Inspiring Youth: A Legacy of Humor and Service
By AJ Keith, Communications intern
Twice a month, Noah acts as a lector for the Sisters of Charity during Mass in Mother Margaret Hall chapel.
S. Cookie Crowley, the self-proclaimed Dean of Discipline, is highly regarded for her razor-sharp wit on the campus of the Sisters of Charity, a wit that only a family member could match. Her great-nephew Noah proves that not only is her legacy of humor intact, but the legacy of the Sisters of Charity’s mission is in good hands for future generations.
Before retiring from active ministry, S. Cookie ministered as a teacher for first grade and offered her services to various orphanages and group homes in the Ohio area. Not only has Sister touched the lives of her students, but she has inspired Noah, as well. “He always asked me about stories from my ministries,” she says. His interest has hardly waned since he was younger.
“Well, I’ve been here for as long as I can remember,” Noah responded when asked about how long he has been visiting. In fact, S. Cookie shared a picture of a young Noah in the Motherhouse chapel, one that she entitled, “A juvenile delinquent at 11 months old.” Sister noted that Noah has always wanted to come to the Motherhouse. “From the beginning he showed an interest,” she says. “We all thought he was going to bum out, we didn’t think he would want to do it.” Fortunately for the Sisters, it meant more to Noah than just visiting his great-aunt; rather, he felt a distinct desire to deepen his relationship with God. Noah was recently interviewed for a “Tending the Soul” video, where he mentioned that S. Cookie and his great-grandmother were among his role models that inspired a devout prayer life in him. “[S. Cookie] is caring, compassionate and just so kind,” he says.
Noah Kaffenberger at 11 months old in the Motherhouse chapel.
Noah has been making weekly visits to the Motherhouse for piano lessons for six years and has developed a musical skill that he has shared with the Sisters by playing at Mass and performing in concerts for the Sisters. Twice a month he even does some of the readings for Sunday Mass. When he’s not helping at Mass, Noah can be spotted visiting the other retired Sisters. “Basically any time we can sneak him in,” S. Cookie says, “And he gets no salary!” Because of his frequent visits, Noah has not only become a welcome addition to the Community, but he has earned a badge from the HR Department. Noah always jumps at the chance to be a part of the Community in any way he can. “This place is important because it’s a wonderful place, the Sisters are just such kind and compassionate people,” he says, “It’s a beautiful place.”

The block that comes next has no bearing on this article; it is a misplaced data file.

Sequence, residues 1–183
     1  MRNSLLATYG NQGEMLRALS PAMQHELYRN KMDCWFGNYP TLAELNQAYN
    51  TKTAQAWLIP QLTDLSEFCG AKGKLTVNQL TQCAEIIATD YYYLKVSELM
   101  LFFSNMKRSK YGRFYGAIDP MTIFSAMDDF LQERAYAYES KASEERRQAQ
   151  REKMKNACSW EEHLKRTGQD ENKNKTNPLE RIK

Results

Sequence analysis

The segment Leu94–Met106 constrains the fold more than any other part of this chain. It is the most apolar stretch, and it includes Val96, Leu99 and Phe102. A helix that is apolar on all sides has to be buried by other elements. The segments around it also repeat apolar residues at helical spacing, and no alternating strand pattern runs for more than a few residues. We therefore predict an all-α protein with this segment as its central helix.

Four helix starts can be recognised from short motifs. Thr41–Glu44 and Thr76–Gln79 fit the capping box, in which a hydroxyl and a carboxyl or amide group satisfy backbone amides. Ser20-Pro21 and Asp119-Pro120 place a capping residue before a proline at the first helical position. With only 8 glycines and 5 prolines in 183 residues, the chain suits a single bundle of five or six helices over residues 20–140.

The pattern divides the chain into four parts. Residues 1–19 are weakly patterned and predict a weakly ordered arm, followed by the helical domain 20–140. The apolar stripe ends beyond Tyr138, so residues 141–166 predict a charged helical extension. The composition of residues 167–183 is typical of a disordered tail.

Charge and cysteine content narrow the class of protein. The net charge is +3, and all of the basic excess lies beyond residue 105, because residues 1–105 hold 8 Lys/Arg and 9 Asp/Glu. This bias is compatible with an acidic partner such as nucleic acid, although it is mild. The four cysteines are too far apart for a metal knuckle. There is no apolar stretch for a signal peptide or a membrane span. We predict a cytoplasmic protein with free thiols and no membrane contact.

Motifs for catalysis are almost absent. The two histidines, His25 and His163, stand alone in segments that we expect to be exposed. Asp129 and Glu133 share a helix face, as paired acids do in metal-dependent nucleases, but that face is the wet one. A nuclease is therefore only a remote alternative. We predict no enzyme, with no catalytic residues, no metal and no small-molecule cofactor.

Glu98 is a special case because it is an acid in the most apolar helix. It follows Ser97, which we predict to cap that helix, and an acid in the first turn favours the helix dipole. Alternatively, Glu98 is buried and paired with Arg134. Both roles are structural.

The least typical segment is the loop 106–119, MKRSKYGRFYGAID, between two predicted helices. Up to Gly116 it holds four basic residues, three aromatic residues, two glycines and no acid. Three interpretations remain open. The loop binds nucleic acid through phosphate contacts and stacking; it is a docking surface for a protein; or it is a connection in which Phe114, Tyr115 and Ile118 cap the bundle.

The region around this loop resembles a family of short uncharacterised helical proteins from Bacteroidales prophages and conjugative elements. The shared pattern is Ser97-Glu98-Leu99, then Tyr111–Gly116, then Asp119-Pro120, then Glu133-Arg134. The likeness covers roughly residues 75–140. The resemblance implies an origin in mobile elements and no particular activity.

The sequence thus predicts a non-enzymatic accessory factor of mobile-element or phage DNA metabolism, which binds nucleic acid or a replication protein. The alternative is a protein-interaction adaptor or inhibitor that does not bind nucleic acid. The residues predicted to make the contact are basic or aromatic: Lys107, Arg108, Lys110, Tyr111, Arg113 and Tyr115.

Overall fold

The bond that Noah shares with all of the Sisters is the same as the bond that he shares with his great-aunt: faith. Faith has always been an integral part of Noah’s life, as he and S. Cookie mentioned that the ministries of the Sisters have inspired them both. However, the visits that Noah makes to the retired Sisters has inspired them to see such faithful youth and reminds them of their time as teachers. Because of this, both Noah and the Sisters cherish the time spent together.
Noah Kaffenberger (left) and his great-aunt S. Cookie Crowley (right) attend Mass in 2015 for the Year of Consecrated Life prayer day at the Motherhouse chapel.
With his Confirmation just around the corner, Noah is just as strong in his faith today as he has always been. Though he has not picked a Confirmation name, Noah is sure that he wants to pursue a career in music when he gets older, all the while maintaining a prayerful life. Sister states that she is comforted to see such a faithful generation that is growing up at this point in her life. She is incredibly proud of all that Noah has accomplished at such a young age as are the rest of the Sisters that Noah considers his friends.